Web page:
Blimey! Wherever you look just lately – Facebook; forums; you name it – there are folks getting themselves into a right old pickle about the SGK (Sosyal Güvenlik Kurumu) and the compulsory health insurance issue.
As someone who has been ‘in the system’ for some while I can assure you that it works. I can also assure you that from my own experiences the hospital/clinic treatment that you get here in Turkey makes the UK’s NHS look like a broken down, third-world shambles. Has it all been plain-sailing? No! There has been the odd glitch, but nothing to get overly stressed by.
J and I mostly choose to attend a local private hospital because we know the staff, they know us, it’s convenient and we get escorted and helped at every stage and we get seen instantly (well, almost). They also have state-of-the-art equipment, which is reassuring at our age! For all this we pay a very modest additional sum directly to the hospital. Essentially it is the difference between what the SGK pays and the hospital’s displayed scale of charges. There are loads of Turks of modest means in our area who do the same – so you can see that the extra is not much and the service is popular.
The current issues around compulsion/private/state aside, I can tell you that J and I are more than happy and very reassured to be part of Turkish Health Insurance system. ‘So,’ I hear you ask, ‘is there a downside?’ I’m not going to lie to you . . . Yes!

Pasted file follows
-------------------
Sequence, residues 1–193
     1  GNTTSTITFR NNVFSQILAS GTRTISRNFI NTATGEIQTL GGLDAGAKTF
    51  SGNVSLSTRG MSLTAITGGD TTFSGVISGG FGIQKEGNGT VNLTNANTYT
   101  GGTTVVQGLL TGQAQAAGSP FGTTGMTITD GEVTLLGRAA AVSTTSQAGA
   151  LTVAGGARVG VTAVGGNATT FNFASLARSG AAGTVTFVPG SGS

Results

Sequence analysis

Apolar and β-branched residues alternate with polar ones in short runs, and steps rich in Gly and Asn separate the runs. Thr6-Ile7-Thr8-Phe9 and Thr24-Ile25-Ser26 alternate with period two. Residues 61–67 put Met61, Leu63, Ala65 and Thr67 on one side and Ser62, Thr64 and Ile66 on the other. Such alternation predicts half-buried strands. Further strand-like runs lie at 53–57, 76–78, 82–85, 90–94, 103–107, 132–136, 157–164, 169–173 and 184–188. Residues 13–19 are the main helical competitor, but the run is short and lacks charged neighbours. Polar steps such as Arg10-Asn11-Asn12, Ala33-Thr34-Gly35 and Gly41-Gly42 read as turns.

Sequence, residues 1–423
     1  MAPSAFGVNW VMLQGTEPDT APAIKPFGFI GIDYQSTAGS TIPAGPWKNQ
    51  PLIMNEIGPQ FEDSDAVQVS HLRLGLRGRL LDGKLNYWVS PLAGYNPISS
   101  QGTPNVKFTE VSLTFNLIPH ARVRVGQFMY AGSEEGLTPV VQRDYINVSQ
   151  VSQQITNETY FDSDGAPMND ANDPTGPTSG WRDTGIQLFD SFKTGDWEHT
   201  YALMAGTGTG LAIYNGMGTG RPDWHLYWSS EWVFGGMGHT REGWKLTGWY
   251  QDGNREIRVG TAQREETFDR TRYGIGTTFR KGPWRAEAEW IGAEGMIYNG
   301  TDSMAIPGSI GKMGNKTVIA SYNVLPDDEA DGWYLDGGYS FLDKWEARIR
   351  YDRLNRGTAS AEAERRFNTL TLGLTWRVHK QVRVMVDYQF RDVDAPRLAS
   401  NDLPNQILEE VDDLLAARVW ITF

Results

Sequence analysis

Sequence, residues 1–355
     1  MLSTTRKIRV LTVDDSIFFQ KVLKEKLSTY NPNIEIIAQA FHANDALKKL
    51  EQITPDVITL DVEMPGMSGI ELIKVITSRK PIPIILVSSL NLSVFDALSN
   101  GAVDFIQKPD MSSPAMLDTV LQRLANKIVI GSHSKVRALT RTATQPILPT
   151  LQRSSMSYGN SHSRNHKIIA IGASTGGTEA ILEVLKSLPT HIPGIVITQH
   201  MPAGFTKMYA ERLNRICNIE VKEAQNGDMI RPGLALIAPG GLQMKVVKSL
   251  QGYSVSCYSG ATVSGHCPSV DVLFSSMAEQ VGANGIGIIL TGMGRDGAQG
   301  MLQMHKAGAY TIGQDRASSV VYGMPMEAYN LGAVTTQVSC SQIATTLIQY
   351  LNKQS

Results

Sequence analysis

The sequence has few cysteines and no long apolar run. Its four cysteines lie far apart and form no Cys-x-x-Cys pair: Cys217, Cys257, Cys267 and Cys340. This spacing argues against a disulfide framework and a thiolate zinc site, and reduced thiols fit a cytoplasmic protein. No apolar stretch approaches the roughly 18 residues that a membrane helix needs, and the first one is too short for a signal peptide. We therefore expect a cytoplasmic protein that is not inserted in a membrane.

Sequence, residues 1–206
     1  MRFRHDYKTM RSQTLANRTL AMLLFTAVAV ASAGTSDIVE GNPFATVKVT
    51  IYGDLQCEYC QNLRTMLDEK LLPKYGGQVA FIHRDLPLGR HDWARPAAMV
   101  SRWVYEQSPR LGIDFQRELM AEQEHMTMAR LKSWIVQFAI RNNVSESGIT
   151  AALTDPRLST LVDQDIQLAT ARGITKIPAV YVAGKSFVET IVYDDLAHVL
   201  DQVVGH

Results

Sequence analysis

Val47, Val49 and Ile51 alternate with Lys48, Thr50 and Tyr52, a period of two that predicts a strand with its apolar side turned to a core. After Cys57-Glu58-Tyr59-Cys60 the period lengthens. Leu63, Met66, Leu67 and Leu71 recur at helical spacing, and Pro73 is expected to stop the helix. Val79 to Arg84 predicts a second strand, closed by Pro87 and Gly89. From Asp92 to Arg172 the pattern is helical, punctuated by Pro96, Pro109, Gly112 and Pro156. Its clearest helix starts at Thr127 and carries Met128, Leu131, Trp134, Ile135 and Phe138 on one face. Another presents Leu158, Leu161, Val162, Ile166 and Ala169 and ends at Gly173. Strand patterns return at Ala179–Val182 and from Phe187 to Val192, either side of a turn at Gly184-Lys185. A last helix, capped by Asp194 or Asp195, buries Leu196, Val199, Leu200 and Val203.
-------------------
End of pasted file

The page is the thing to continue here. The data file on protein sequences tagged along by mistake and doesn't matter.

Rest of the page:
Paying the monthly premium!
Some of you will have Turkish bank accounts and you’ll probably be able to pay by standing order/direct debit – Good luck! Based on a good many years of experience, both personal and second/third hand, I wouldn’t let a Turkish bank anywhere near a standing order of mine, let alone any of my money, ever again! We’ve been burnt once too often!
The trade off is that J and I have to pay directly at a branch of Ziraat Bank (the only one authorised to take cash payments for SGK) each month. If the gods are feeling benign towards us the branch will be quiet and we’ll get to a teller fairly quickly – if they are doubly benign we’ll get the same teller as last month and they won’t have to vanish on a half-hour training course again in order to deal with us. If the gods are triply benign the computer system won’t be malfunctioning and we won’t have sat there, clutching our ticket, for an hour, willing the display to click on a few more customers, and all to no avail, as we did today! Oh! and don’t even think of nipping out for a quick coffee or to pop to the supermarket whilst you wait – you may well have another sixty punters ahead of you and you may very well only be gone for five minutes, but I guarantee, based on bitter experience, that when you get back that display will have clicked on and you’ll need to get a new ticket and start over!
Anyway, if I’m going to be stressed out and lining myself up for a heart attack, I’d much rather be here in Turkey, where I’ll get sorted quickly and professionally, than in the UK where there’s a three week waiting list to see the doctor (I think I’m dying, doc! – Have you made an appointment? Sorry!) and a couple of months wait before the test results come back! Just like the climate, the scenery and the people, there are some things here in Turkey that leave us utterly spoilt.
Alan Fenn, Okçular Köyü